By Joyce Chimbi
Somalia, Syria, DRC Congo, Afghanistan, Yemen, Chad, South Sudan, Central African Republic, Nigeria, and Ethiopia are the 10 countries at greatest risk of climate disaster globally despite collectively contributing just 0.28 percent of global CO2 emissions. A climate-induced humanitarian crisis continues to unfold across these countries and many others in the global South, including Kenya, which declared drought a national disaster in September 2021.
Flash floods, failed rainy seasons, severe food insecurity, and climate-induced health disasters such as cholera are becoming frequent, and their debilitating effects are increasingly difficult to mitigate. In late 2022, for instance, floods caused extensive damage to farmlands in Nigeria, and projections show 25 million Nigerians could face high levels of food insecurity by the end of 2023.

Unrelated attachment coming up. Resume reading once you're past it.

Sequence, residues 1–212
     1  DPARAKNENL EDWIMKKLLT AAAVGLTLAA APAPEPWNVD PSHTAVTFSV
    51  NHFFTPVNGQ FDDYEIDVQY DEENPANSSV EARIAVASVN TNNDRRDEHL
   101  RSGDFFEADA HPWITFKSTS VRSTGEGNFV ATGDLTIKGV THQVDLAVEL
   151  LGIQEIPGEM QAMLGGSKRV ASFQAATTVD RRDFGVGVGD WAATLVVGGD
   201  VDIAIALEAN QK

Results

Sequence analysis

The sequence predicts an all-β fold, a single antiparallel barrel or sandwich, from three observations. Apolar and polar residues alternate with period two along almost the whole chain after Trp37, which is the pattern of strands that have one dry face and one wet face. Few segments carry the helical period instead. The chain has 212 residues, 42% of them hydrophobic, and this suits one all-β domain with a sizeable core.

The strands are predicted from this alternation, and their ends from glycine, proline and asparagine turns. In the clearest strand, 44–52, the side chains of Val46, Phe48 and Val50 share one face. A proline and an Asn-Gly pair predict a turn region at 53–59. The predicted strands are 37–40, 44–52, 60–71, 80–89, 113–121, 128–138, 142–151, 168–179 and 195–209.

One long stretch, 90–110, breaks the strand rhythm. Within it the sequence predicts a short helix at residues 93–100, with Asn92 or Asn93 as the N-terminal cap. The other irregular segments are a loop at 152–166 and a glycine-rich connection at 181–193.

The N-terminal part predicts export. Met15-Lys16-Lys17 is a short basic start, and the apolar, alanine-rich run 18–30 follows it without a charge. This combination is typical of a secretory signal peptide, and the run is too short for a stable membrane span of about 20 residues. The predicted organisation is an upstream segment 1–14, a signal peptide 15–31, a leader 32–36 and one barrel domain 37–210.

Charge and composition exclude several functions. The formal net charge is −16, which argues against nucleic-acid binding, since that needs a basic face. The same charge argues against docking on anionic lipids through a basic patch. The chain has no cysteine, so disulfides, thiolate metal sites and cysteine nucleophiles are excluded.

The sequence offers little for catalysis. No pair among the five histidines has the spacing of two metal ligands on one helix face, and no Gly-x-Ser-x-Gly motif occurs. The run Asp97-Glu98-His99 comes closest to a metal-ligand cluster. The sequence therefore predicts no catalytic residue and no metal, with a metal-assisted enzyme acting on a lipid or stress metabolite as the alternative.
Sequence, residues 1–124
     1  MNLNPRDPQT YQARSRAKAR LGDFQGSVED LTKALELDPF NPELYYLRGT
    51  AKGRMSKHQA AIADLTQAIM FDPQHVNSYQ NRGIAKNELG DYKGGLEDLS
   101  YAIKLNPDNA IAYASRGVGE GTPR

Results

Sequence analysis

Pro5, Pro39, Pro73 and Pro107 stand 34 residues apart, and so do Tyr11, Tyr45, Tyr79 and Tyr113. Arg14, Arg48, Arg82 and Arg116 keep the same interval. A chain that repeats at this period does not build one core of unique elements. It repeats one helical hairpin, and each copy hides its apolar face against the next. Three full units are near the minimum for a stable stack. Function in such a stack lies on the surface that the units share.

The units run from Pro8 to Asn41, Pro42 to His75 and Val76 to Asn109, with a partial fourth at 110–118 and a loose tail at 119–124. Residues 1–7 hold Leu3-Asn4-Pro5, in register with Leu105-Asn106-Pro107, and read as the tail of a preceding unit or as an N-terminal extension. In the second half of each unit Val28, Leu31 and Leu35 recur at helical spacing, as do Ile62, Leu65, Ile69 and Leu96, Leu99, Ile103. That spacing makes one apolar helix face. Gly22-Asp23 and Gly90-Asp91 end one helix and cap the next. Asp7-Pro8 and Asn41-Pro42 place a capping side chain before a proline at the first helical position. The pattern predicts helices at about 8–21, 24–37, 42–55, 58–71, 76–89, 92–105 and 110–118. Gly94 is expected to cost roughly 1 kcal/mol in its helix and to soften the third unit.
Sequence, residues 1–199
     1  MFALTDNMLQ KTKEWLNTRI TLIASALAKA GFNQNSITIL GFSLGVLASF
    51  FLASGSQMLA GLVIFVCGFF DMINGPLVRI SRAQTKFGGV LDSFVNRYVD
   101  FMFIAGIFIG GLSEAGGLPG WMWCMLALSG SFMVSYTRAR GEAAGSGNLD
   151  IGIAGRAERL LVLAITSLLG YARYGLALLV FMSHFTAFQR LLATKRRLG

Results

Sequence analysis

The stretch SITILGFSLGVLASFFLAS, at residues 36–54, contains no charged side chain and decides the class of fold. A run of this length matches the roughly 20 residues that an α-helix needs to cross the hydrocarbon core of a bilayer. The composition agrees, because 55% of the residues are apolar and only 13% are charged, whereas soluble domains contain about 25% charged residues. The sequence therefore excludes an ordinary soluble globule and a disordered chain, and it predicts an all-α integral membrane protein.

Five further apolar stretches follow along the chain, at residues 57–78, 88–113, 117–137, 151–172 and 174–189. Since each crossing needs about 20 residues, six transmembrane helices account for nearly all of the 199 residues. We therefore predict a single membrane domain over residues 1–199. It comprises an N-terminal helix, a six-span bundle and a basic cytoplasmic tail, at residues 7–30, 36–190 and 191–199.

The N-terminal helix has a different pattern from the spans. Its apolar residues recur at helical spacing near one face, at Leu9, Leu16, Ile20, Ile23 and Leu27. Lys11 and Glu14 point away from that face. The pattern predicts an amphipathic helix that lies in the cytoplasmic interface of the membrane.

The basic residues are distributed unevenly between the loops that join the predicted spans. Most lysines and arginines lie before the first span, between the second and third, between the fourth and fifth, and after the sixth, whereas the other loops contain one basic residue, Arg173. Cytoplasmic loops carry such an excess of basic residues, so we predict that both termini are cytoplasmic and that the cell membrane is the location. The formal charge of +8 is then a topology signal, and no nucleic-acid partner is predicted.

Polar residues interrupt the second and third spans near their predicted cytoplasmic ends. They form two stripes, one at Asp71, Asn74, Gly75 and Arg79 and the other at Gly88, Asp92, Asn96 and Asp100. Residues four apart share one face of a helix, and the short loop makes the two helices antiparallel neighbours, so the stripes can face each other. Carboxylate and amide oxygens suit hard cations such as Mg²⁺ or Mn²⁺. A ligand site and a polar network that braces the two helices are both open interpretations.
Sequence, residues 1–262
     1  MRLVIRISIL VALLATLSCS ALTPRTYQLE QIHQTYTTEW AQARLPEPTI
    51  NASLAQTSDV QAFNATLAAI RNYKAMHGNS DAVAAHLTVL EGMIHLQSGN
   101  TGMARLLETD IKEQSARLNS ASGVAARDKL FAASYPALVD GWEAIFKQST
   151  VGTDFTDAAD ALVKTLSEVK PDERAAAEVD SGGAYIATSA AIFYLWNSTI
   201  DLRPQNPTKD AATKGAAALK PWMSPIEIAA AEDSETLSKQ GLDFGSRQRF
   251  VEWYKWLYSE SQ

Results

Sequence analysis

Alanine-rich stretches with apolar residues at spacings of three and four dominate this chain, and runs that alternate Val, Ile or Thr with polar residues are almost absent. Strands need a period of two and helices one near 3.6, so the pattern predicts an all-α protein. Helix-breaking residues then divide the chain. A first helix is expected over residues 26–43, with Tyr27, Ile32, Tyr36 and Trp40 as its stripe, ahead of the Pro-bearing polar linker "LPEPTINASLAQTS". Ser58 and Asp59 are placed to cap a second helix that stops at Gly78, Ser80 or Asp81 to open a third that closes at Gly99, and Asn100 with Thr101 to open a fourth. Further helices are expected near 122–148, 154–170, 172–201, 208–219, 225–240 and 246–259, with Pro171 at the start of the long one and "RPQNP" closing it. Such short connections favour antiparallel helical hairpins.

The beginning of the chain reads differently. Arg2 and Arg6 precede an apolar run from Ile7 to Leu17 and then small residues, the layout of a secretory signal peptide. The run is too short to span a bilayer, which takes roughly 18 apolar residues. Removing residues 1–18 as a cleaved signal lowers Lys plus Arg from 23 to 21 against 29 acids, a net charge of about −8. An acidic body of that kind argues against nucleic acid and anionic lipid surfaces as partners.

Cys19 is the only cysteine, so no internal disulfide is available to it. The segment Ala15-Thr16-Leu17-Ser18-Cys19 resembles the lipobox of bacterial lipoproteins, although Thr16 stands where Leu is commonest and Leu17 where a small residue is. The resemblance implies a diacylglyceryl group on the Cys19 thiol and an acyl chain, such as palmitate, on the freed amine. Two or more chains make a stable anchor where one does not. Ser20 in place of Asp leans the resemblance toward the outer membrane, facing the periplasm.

Against this backdrop, there is growing concern that the carbon market has failed Africa and other developing countries in the global South. Governments and companies created carbon market systems to address their greenhouse emissions – a trading system in which carbon credits are sold and bought. One tradable carbon credit is equivalent to one tonne of carbon dioxide, or the amount of different greenhouse gases reduced, sequestered, or avoided.
Fadhel Kaboub, a Tunisian economist based in Nairobi, a senior advisor with Power Shift Africa and the President of the Global Institute for Sustainable Prosperity, tells IPS, “Carbon credits are pollution permits that allow global North polluters to continue polluting while offering financial crumbs to the global South. They displace vulnerable communities from their ancestral territory and pastoral land. They enrich middlemen and speculators.”